Workers scheme would benefit seafood sector says director

Labour shortages have spread far and wide across a number of industries, including one of Scotland’s most important – the seafood processing industry.

With consumer demand for seafood increasing, especially in the US and Asia, and the Scottish government implementing measures to further grow the financially beneficial sector, companies are looking for any and all options to fill open positions.

Finding workers is especially important as the industry readies for the festive season. If last year’s salmon sales figures of £1.2 billion are any indication of what’s to come, companies must be ready for a similar surge.

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One of the best paths for finding workers who will help seafood companies meet domestic and global seafood demand is via workforce-related schemes which provide access to skilled staff.

​Kathleen O’Donnell is a director at Fragomen.​Kathleen O’Donnell is a director at Fragomen.
​Kathleen O’Donnell is a director at Fragomen.

Currently, the visa options available under the Seasonal Worker Scheme are the following:

  • horticulture for up to 6 months - for example, picking fruit and vegetables or flowers
  • poultry from October 2 to December 31, in the same year

Workers need to apply for poultry Seasonal Worker visas by November 15 each year and for horticulture Seasonal Worker visas at any time of year.

The Seasonal Worker visa already supports the agriculture, horticulture and poultry industries in Scotland by helping manage labour shortages. Workers on this visa can stay in the UK for up to six months for horticulture work and from October 18 to December 31 each year for poultry work.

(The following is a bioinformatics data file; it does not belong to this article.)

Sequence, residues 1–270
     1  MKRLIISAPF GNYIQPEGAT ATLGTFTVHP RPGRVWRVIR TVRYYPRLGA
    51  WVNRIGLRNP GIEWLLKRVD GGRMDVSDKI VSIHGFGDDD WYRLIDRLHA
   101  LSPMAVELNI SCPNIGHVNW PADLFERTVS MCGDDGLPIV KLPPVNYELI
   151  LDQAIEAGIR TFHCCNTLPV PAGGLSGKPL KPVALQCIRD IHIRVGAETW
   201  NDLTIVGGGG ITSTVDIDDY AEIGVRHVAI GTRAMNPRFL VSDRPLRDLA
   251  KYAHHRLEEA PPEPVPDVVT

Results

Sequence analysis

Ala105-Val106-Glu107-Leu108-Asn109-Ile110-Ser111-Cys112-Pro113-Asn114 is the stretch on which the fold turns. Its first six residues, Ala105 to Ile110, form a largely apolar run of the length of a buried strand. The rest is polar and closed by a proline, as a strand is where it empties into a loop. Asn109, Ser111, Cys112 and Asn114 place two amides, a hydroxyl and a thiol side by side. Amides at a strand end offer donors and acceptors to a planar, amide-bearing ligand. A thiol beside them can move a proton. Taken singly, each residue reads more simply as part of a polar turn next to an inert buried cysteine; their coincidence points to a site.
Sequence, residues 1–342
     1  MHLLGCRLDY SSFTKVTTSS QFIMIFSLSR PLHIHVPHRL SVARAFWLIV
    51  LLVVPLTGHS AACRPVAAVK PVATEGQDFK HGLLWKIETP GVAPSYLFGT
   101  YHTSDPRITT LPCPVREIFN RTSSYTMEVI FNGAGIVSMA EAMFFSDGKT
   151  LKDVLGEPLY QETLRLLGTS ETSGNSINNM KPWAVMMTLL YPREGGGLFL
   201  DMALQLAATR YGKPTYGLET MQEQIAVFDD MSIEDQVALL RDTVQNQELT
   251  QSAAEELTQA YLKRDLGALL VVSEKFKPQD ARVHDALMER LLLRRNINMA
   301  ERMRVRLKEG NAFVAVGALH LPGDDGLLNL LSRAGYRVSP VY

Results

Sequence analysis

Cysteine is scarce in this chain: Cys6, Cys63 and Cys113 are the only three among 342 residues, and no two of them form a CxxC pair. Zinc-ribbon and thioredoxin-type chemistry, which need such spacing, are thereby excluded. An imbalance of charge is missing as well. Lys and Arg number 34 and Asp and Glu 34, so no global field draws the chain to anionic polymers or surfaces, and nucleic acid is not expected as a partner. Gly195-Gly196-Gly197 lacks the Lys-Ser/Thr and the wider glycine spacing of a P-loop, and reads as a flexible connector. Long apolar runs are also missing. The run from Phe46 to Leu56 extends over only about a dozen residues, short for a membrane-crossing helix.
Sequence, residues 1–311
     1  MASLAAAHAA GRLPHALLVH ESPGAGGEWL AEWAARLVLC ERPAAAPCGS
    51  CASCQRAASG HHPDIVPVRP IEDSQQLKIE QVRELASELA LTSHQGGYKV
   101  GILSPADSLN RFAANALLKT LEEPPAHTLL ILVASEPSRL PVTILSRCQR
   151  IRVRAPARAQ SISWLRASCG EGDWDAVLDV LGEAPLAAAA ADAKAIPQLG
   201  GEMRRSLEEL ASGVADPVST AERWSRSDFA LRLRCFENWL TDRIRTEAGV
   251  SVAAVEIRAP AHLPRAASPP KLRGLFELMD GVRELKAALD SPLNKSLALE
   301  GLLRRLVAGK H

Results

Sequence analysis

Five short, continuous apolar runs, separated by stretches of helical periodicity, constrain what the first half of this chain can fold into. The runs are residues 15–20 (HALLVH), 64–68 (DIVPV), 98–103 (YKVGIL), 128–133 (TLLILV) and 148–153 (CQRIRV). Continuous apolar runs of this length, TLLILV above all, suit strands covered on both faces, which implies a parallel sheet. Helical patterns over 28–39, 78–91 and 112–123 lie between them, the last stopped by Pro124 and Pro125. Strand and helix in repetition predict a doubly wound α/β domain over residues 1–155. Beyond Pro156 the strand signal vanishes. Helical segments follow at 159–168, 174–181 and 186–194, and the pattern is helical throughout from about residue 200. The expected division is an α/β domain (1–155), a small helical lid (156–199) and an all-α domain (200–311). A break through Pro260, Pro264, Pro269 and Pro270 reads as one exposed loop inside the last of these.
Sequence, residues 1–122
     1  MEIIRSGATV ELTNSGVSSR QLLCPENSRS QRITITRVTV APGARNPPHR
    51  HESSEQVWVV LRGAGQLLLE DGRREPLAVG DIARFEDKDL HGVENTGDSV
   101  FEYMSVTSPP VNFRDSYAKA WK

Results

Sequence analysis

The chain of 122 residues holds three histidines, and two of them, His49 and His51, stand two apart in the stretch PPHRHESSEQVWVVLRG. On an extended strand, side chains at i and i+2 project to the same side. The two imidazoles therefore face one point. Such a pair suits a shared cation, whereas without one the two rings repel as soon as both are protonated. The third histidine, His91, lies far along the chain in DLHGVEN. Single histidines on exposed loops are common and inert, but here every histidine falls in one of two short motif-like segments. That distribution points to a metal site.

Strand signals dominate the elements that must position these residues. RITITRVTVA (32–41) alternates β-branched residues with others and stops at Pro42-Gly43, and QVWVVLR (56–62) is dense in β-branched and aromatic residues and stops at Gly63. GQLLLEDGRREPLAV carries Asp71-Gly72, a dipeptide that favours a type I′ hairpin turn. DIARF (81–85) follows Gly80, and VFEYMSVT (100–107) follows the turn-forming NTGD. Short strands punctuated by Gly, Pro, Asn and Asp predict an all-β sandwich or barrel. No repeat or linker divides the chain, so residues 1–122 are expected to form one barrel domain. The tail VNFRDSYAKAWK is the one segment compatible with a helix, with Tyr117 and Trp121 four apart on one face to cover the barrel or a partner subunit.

However, as the government expands the number of temporary visas allowed under the Seasonal Worker Scheme by 10,000 in 2024, many are calling for seafood processing workers to be added to the scheme.

Indeed, Banff and Buchan MP David Duguid MP has written to the UK government calling for inclusion of seafood workers to improve labour availability for Christmas and New Year. Mr Duguid said the visa requirement for the onshore processing sector would be, at most, in the “very low thousands”.

If the government does agree to include seafood processors in this scheme, the process would still require several steps. First an overarching body would have to apply for a Sponsor Licence. This body would need to be endorsed by the Department for Environment, Food and Rural Affairs (DEFRA) and licensed by the Gangmasters and Labour Abuse Authority.

Individual employers and organisations aren’t eligible for a sponsor licence on this route, even if they are licensed as a sponsor on other routes.

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In terms of eligibility, workers will need to have a sponsor and meet other requirements including holding a certificate of sponsorship reference number from a UK sponsor, having enough money to support themselves in the UK (or a sponsor who will certify they will support them instead) during their first month in the UK, and assurances that the job meets minimum wage and working hours obligations.

Until Scotland has enough workers to meet the increased demand, it seems only sensible to tap into an overseas talent pool that can help sustain and grow its thriving seafood industry.

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